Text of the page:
Epicurus' View of Aristotle's "Theory of Universals"

  • From Wikipedia:


    Aristotle's Theory of Universals is a classical solution to the Problem of Universals. Universals are the characteristics or qualities that ordinary objects or things have in common. They can be identified in the types, properties, or relations observed in the world. For example, imagine there is a bowl of red apples resting on a table. Each apple in that bowl will have many similar qualities, such as their red coloring or "redness". They will share some degree of the quality of "ripeness" depending on their age. They may also be at varying degrees of age, which will affect their color, but they will all share a universal "appleness". These qualities are the universals that the apples hold in common.


    The Problem of Universals asks three questions. Do universals exist? If they exist, where do they exist? Also, if they exist, how do we obtain knowledge of them? In Aristotle's view, universals are incorporeal and universal, but only exist only where they are instantiated; they exist only in things.[1] Aristotle said that a universal is identical in each of its instances. All red things are similar in that there is the same universal, redness, in each thing. There is no Platonic Form of redness, standing apart from all red things; instead, each red thing has a copy of the same property, redness. For the Aristotelian, knowledge of the universals is not obtained from a supernatural source. It is obtained from experience by means of active intellect.[1]



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    The purpose of this thread is to discuss whether Epicurus would have agreed or disagreed with this theory.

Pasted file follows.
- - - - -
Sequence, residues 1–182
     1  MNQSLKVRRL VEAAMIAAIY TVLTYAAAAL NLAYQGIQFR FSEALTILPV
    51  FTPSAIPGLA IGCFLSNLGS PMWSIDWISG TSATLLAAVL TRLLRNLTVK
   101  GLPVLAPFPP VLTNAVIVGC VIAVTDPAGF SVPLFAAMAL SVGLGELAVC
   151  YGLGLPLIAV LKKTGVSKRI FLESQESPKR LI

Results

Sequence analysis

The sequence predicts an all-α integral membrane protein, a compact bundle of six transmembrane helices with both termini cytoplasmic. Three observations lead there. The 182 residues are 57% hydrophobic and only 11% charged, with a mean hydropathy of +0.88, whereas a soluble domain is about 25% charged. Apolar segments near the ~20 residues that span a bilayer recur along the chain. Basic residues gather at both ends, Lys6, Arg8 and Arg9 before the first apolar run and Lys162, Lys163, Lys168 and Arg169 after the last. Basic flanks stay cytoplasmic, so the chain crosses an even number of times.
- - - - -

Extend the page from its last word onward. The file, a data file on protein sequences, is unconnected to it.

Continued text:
References to consider Include:



    Epicurus' Letter to Herodotus:




    Lucretius On The Nate of Things, Book One (Munro)::






    Frances Wright, A Few Days In Athens, Chapter 15:



    Richard Dawkins 2014 Article from Edge.org: "What Scientific Idea Is Ready For Retirement?"


    Quote

    Essentialism

    Essentialism—what I’ve called "the tyranny of the discontinuous mind"—stems from Plato, with his characteristically Greek geometer’s view of things. For Plato, a circle, or a right triangle, were ideal forms, definable mathematically but never realised in practice. A circle drawn in the sand was an imperfect approximation to the ideal Platonic circle hanging in some abstract space. That works for geometric shapes like circles, but essentialism has been applied to living things and Ernst Mayr blamed this for humanity’s late discovery of evolution—as late as the nineteenth century. If, like Aristotle, you treat all flesh-and-blood rabbits as imperfect approximations to an ideal Platonic rabbit, it won’t occur to you that rabbits might have evolved from a non-rabbit ancestor, and might evolve into a non-rabbit descendant. If you think, following the dictionary definition of essentialism, that the essence of rabbitness is "prior to" the existence of rabbits (whatever "prior to" might mean, and that’s a nonsense in itself) evolution is not an idea that will spring readily to your mind, and you may resist when somebody else suggests it.